A Guide to Collecting Money from a US Court Judgment Internationally

Winning a court judgment is a significant achievement, but the process doesn’t end there. The next crucial step is to collect the money awarded by the court. This can be exceptionally important if money needs to be collected internationally. While obtaining a judgment in your favor is a positive outcome, it is important to be aware that the responsibility of collecting the awarded amount often falls on the winning party. This article aims to provide a comprehensive guide on the various strategies and steps involved in collecting money internationally from a US court judgment.

Understanding the US Judgment:

Before delving into the collection process, it’s essential to understand the nature of the judgment obtained. Court judgments can take various forms, such as monetary judgments, property judgments, or injunctive relief. Monetary judgments are the most common and involve the payment of a specific sum of money by the losing party to the winning party. A special attention should be given to whether or not punitive damages were awarded as those are notoriously difficult to enforce internationally.

Identifying Assets:

Once a judgment has been obtained, the first step in the collection process is to identify the assets of the judgment debtor (the party against whom the judgment was entered). Assets can include real estate, bank accounts, vehicles, and other valuable possessions. Utilizing online databases, public records, and hiring a professional investigator can aid in locating these assets.

International Wage Garnishment:

One effective method of collecting a monetary judgment is through wage garnishment. This involves obtaining a court order to deduct a portion of the debtor’s wages directly from their employer. However, federal and state laws impose limits on the percentage of wages that can be garnished, so it’s essential to be aware of these regulations.

International Bank Levies:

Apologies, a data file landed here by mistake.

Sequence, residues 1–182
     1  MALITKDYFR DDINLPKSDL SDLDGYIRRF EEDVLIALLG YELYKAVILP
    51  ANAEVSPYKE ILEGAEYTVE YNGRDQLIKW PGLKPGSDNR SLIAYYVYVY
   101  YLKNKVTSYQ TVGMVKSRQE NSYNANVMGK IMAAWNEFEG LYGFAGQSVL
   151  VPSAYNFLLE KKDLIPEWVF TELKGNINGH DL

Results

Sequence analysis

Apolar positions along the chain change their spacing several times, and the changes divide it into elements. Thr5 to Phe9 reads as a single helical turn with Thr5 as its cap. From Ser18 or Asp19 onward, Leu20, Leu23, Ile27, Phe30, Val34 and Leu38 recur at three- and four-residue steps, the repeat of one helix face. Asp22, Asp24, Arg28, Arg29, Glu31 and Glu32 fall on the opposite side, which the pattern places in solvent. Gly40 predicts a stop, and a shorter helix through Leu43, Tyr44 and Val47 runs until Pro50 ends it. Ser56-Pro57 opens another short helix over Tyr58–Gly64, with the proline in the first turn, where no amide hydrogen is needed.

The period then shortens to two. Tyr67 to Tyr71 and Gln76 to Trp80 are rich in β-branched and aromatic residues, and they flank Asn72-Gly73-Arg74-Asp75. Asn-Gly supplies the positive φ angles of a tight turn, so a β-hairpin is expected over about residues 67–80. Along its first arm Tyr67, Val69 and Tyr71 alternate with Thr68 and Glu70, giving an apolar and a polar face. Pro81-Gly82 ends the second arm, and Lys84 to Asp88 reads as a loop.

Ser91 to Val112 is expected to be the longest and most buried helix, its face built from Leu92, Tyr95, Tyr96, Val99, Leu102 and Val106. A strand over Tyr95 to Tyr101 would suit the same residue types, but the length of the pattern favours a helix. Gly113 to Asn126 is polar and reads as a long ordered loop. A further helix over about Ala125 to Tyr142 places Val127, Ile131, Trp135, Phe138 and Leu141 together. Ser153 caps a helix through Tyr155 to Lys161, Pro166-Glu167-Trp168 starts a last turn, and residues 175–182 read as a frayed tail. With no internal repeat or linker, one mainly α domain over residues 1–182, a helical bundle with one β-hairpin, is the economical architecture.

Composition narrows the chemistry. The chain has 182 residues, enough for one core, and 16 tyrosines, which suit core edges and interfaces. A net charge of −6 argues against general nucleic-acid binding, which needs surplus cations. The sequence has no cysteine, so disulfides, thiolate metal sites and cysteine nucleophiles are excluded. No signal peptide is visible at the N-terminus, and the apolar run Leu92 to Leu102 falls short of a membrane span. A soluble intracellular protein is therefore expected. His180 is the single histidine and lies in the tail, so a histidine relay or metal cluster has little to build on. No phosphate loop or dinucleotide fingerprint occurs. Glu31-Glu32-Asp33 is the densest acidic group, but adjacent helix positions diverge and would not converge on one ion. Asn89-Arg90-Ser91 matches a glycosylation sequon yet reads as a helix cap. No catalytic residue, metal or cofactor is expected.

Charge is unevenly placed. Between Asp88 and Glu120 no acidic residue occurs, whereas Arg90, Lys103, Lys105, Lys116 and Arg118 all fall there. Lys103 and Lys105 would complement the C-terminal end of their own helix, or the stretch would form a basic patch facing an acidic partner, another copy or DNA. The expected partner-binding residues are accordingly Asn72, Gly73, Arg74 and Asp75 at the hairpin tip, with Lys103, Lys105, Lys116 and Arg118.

Another option is to levy the debtor’s bank accounts. This involves obtaining a court order that allows a sheriff or other authorized entity to collect money internationally from the debtor’s bank accounts. It’s crucial to ensure that the account targeted is indeed owned by the judgment debtor and not protected by any exemptions.

International Real Estate Liens:

If the judgment debtor owns real estate, placing a lien on their property can be an effective way to secure payment. This can prevent the debtor from selling or refinancing their property without satisfying the judgment first. However, the process of enforcing a real estate lien can be complex and may involve further legal proceedings.

Debtor Examinations:

In some cases, conducting a debtor examination can be valuable. This involves bringing the judgment debtor to court and requiring them to provide information about their assets and financial situation under oath. Failing to comply with a debtor examination order may result in contempt of court charges.

Persistence and Patience:

Collecting money from a US court judgment can be a time-consuming and challenging process. It requires persistence and patience as you navigate through legal procedures. It’s crucial to stay organized, keep detailed records, and consult with legal professionals to ensure you follow the appropriate steps in accordance with state and federal laws.


Winning a court judgment is a significant accomplishment, but the journey doesn’t end there. Collecting the awarded amount requires diligence, strategic planning, and knowledge of legal procedures. By understanding the various methods available, identifying the debtor’s assets, and working within the legal framework internationally, you can increase your chances of successfully collecting the money owed to you. Remember, consulting with legal professionals and staying informed about applicable laws is essential throughout the collection process.

We have extensive experience with collecting money internationally and domesticating your US court judgment.


The material in this post represents general information and should not be deemed legal advice. Any use of the website DOES NOT create or constitute an attorney-client relationship between German American Real Estate & Immigration Law Center, LLC (law firm) or any employee of or other person associated with the law firm and a user of this website. It is intended as an educational resource for
understanding the laws. Since the law is continually changing, some parts of this website may become outdated before the next update. It is always best to consult an attorney about your legal rights and responsibilities regarding your particular case.